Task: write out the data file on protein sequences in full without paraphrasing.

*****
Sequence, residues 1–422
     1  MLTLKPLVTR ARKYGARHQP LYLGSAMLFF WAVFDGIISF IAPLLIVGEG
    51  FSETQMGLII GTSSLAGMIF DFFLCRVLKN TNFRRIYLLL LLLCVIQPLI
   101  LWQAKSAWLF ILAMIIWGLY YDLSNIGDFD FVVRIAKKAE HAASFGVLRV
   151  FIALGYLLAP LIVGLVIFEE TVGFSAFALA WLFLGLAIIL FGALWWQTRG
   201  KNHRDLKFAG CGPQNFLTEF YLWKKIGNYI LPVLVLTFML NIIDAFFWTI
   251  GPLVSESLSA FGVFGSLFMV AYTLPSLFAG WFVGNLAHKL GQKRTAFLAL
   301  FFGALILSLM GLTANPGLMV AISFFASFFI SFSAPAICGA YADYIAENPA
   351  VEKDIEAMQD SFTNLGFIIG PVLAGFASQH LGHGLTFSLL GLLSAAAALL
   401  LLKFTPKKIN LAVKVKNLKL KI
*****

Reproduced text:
Sequence, residues 1–422
     1  MLTLKPLVTR ARKYGARHQP LYLGSAMLFF WAVFDGIISF IAPLLIVGEG
    51  FSETQMGLII GTSSLAGMIF DFFLCRVLKN TNFRRIYLLL LLLCVIQPLI
   101  LWQAKSAWLF ILAMIIWGLY YDLSNIGDFD FVVRIAKKAE HAASFGVLRV
   151  FIALGYLLAP LIVGLVIFEE TVGFSAFALA WLFLGLAIIL FGALWWQTRG
   201  KNHRDLKFAG CGPQNFLTEF YLWKKIGNYI LPVLVLTFML NIIDAFFWTI
   251  GPLVSESLSA FGVFGSLFMV AYTLPSLFAG WFVGNLAHKL GQKRTAFLAL
   301  FFGALILSLM GLTANPGLMV AISFFASFFI SFSAPAICGA YADYIAENPA
   351  VEKDIEAMQD SFTNLGFIIG PVLAGFASQH LGHGLTFSLL GLLSAAAALL
   401  LLKFTPKKIN LAVKVKNLKL KI